Dying By the Sword

Poetic justice.  It’s the stuff of films and legends.  We all love to see the killer killed, the con-man conned, and the thief ripped-off.  And this attitude carries over into our careers as well.  Who doesn’t cheer when the embezzler gets arrested, the coaster (finally) gets fired?

Or when the aggressive corporate politician is taken out by another company shark?

We’ve all witnessed it.  We’ve all stood on the sidelines and alternately cheered when the obnoxious political manipulator takes the “walk of shame.”  And I’ll bet we’ve rarely (if ever) felt sorry for them.

When you enter into your employer’s political life, you’re setting yourself up to be on the receiving end of political tactics.  The more vicious the tactics in which you engage, the more likely you are to be on the receiving end of a nasty political ploy (roll images of observers cheering on your aggressor from a safe distance.)

He who lives by the sword, dies by it… right?

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Sitting on the sidelines?

I’ve gone over the classification of political orientations in my white paper “Power and Politics in Corporations” as well as in my book “NAVIGATING CORPORATE POLITICS,” so this is an abbreviated overview.

Many people think (hope?) that they can escape involvement in the politics swirling through their employer’s organizations – and to a degree, they can.  I call these people “Avoiders” because they try to avoid political entanglements and seem to assume that by staying out, the company’s aggressive politicians will leave them alone.

In my experience it’s just a matter of time before they are impacted by some kind of political games-playing.  Politicians see Avoiders as “pawns,” and if a pawn stands between them and something they want, most aggressive politicians won’t hesitate to throw them under the bus.  Avoiders are typically oblivious of the risks until such an incident occurs, and afterward they feel victimized.

I guess they shoulda armed themselves

Political “Neutrals” at least understand what is going on, and are willing to play some form of political “defense.”  They tend to be survivors, flourishing in individual-contributor and lower managerial jobs.  Political power players tend to avoid a well-equipped Neutral, if they can get what they want by rolling over an Avoider.

The ones we like to see “get theirs” are the “Power Players.”  These politicians aggressively use political tactics to get what they want, and often don’t seem at all bothered by how they injure others.  Being a Power Player can definitely help you climb the ladder.  In fact, most of the senior managers and all the CEOs I’ve known fall into this category (some being much more aggressive than others.)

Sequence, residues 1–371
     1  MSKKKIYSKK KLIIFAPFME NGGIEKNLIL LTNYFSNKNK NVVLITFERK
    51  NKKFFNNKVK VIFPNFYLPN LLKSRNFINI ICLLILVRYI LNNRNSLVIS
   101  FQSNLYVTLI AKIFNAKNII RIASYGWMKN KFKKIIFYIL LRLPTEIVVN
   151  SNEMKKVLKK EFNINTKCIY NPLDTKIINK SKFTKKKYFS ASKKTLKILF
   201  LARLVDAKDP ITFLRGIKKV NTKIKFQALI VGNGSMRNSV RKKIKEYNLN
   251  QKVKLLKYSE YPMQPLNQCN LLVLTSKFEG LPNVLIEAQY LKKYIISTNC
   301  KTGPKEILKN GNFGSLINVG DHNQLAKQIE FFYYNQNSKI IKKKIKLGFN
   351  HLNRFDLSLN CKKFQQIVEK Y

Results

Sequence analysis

When you join the Power Player ranks, you also have to expect to be targeted.  And if you’re out-maneuvered don’t expect any mourning.  Poetic Justice, after all.

A major Power Player takes a fall

Late in my career, I was ambushed by one of the most adept Power Players I’ve ever come across.  He arranged to embarrass me during a difficult group presentation, and once he had me on the ropes I didn’t get a breather for more than two hours.

I was offended.  I felt wronged.  I was livid and was looking for sympathy and comfort.

I didn’t get any, and I didn’t really expect it.

I was deeply enough into political games-playing that most of the attendees at the meeting probably felt like I was getting what I deserved.  You know the old saying:  Play with fire and you’re likely to get burned.  It was a hard reality to face – being victimized and having the situation seen as “just deserts” – but one that kind of comes with the territory when you engage in politics above the Neutral level.

A year or two later, that particular Power Player made his biggest play to date – he put an ultimatum in front of the CEO.

It was his undoing.  He was engaging in a political ploy with high stakes, and he lost.  Within a few months, he had left the company and was “Pursuing Other Opportunities.”

Other than a few employees that were riding the Power Player’s updraft, there seemed to be little sadness over his departure.  No one threatened to quit if he wasn’t reinstated (nor was there any actual quitting).  In discussions I had with his subordinates, no one seemed upset that he was gone.

They saw it as Poetic Justice.

Conclusion

When you play political games, you are much more likely to become the victim of a political ploy.  When you suffer consequences as a result, you can’t expect people to be outraged or saddened on your behalf.  33.6

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Shown here is the cover of NAVIGATING CORPORATE POLITICS my non-fiction primer on the nature of politics in large corporations, and the management of your career in such an environment.  This is my best-selling book.  Chocked full of practical advice, I've had many managers and executives say they wished they'd read it early in their career.

My novels are based on extensions of 27 years of personal experience as a senior manager in public corporations